In our organization, Amazing If, where everyone is based in different places, we’ve made it a team rule to share our wrong moments on a Teams channel the same day they happen. Role modeling is critical. As a manager, you might choose to start a monthly team meeting by sharing an insight you learned from a mistake you made. Normalizing moments of error can also be as simple as suggesting a phrase that people feel comfortable saying to each other, such as: “I had a moment of error. Do you have five minutes to chat?”
Feedback is a powerful way people can learn at work, but often, formality, time, and process can be blockers. When we find ways to bring feedback into the meetings and conversations that are already part of our work week, we increase the opportunity to learn on the fly.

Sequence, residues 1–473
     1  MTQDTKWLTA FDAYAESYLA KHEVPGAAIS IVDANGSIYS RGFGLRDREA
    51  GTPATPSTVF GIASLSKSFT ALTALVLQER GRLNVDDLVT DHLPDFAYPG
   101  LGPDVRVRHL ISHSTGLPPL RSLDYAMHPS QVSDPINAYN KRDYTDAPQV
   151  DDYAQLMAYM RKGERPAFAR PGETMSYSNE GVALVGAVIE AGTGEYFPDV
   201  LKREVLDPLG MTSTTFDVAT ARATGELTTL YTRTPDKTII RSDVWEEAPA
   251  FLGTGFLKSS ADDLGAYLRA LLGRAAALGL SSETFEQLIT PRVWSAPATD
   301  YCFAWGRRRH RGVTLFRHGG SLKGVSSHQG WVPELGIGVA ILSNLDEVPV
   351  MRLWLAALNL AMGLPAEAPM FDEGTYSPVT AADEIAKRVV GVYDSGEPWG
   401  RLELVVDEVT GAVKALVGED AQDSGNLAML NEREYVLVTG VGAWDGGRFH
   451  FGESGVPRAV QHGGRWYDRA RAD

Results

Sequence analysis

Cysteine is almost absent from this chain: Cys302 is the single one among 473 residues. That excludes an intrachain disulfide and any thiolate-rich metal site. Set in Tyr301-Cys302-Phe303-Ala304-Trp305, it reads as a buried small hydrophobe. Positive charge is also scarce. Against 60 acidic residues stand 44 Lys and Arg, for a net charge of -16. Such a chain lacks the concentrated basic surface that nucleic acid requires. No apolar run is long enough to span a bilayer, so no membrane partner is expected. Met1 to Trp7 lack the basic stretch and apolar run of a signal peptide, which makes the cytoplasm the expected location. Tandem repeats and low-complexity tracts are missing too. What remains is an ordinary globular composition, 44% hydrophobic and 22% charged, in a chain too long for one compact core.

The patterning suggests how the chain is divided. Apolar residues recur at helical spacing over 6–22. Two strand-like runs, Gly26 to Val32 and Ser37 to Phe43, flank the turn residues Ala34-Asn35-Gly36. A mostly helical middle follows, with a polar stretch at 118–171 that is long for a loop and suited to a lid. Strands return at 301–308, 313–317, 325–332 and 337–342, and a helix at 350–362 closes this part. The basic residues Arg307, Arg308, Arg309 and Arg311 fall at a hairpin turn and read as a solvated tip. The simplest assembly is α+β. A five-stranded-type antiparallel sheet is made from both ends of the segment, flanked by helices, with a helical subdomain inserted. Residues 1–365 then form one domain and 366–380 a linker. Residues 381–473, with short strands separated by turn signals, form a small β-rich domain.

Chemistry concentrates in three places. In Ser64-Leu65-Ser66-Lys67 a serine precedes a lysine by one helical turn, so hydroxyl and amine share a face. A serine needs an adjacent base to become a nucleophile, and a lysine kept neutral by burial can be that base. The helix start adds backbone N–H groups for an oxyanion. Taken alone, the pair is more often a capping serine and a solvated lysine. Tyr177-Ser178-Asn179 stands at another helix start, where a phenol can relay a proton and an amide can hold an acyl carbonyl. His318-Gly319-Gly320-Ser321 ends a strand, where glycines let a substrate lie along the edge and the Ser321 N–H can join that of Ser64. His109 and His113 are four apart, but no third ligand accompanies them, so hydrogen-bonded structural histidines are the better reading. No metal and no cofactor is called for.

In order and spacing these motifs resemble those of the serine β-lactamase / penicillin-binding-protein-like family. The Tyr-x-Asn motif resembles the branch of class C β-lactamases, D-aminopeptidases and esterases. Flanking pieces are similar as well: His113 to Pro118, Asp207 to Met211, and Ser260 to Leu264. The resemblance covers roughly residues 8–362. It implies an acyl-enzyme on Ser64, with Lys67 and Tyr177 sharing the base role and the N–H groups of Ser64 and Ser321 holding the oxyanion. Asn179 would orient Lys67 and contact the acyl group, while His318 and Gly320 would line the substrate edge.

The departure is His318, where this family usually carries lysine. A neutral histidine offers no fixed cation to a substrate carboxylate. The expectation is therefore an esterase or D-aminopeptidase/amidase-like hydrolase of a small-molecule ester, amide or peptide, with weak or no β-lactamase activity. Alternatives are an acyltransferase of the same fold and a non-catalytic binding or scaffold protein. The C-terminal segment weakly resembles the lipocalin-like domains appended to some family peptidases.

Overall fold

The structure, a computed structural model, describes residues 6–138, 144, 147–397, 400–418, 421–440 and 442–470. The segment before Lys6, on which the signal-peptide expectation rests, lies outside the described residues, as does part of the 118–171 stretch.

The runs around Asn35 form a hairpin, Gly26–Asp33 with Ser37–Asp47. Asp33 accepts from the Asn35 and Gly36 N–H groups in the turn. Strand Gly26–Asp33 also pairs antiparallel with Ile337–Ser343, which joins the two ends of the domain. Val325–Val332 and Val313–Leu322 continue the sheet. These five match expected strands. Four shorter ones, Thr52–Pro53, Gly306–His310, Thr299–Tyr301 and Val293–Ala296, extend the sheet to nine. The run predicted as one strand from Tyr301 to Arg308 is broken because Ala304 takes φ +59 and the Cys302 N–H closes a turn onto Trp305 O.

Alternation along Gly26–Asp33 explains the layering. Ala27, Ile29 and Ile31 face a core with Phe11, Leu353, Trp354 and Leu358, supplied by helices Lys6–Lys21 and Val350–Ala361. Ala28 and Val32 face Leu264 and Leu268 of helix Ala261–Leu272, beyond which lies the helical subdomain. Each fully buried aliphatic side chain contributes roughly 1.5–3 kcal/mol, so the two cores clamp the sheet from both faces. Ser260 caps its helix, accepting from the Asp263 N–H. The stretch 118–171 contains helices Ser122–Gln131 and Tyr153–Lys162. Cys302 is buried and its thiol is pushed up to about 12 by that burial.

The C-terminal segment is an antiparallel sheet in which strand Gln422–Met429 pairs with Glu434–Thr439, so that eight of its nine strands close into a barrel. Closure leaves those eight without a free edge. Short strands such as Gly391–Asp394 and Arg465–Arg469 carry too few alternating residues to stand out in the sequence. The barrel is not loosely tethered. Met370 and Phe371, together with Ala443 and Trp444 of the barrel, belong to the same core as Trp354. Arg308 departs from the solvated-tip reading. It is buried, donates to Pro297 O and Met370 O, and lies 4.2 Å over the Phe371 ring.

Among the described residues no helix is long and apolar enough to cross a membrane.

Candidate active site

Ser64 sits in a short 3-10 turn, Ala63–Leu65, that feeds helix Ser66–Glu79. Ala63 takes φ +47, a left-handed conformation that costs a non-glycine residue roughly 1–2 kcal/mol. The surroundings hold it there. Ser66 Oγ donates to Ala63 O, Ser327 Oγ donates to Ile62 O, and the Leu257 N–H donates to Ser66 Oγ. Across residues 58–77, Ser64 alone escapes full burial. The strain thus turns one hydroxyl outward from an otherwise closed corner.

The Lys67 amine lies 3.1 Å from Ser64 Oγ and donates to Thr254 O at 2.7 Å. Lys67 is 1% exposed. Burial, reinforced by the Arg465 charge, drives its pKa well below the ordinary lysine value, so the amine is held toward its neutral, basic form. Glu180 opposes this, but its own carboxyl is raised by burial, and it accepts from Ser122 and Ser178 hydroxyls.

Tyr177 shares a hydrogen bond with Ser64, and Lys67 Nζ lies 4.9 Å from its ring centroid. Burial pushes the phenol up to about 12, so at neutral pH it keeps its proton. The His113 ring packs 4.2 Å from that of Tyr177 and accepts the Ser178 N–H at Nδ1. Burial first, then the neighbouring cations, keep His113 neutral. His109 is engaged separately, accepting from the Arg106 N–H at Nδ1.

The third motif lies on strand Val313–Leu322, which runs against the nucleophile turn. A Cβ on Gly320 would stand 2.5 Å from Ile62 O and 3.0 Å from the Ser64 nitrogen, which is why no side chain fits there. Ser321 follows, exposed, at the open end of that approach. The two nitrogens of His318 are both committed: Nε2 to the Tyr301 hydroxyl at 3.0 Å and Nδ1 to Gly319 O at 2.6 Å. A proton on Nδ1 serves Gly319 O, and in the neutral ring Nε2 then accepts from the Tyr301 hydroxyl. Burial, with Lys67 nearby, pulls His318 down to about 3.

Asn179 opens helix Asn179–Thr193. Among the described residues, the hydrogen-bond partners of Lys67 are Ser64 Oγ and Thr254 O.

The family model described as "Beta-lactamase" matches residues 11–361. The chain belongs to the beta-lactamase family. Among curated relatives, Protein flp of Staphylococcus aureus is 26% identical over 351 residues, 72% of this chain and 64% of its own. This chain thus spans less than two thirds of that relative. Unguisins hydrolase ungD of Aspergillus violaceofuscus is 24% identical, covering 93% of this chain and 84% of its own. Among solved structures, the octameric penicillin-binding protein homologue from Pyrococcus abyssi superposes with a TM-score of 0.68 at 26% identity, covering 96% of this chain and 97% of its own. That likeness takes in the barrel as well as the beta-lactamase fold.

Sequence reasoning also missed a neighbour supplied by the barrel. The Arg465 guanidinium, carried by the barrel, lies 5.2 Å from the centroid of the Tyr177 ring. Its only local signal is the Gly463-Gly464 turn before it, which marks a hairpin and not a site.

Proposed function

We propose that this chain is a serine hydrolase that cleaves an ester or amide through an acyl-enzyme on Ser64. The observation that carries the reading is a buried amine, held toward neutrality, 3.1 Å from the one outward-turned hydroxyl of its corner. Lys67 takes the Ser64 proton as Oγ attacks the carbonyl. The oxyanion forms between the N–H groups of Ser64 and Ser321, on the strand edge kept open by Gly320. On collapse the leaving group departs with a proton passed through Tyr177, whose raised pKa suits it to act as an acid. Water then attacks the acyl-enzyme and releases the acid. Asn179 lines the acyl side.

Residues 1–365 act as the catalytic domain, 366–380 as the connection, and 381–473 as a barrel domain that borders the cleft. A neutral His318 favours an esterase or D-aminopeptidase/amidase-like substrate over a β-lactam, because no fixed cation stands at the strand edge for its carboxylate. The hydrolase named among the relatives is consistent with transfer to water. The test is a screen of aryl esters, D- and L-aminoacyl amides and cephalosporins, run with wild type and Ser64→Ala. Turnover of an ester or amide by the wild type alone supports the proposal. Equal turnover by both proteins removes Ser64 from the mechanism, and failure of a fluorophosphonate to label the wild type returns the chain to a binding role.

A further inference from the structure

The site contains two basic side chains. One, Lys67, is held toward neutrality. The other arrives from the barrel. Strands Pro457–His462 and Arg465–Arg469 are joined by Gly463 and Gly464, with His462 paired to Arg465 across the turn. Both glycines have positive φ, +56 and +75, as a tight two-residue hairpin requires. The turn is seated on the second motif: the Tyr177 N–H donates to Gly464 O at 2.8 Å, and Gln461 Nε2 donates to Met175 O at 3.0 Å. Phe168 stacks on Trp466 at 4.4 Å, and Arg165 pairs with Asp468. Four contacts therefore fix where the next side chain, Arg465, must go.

Think about a meeting or project you are currently leading. A slight change in format can make feedback a part of the agenda rather than an “add-on.” For example, reducing the number of items on the agenda to create time for people to share the moment “what worked well” and what “would be better if” feedback on presentations is an easy way for of people who can learn. Or changing an existing meeting agenda once a month to focus on “challenging and building” creates an opportunity for everyone to practice raising concerns, discussing risks, and offering ideas for developing a safe way.
As a manager, another simple change you can make is to start one-on-one conversations by sharing some strengths-based feedback. The best managers actively focus their teams on what they do well, which increases confidence and motivates people to reach their potential. It could be something like, “I see you at your best when…,” “One of the ways I see you have a positive impact is..,” or “This week I really appreciated how you …”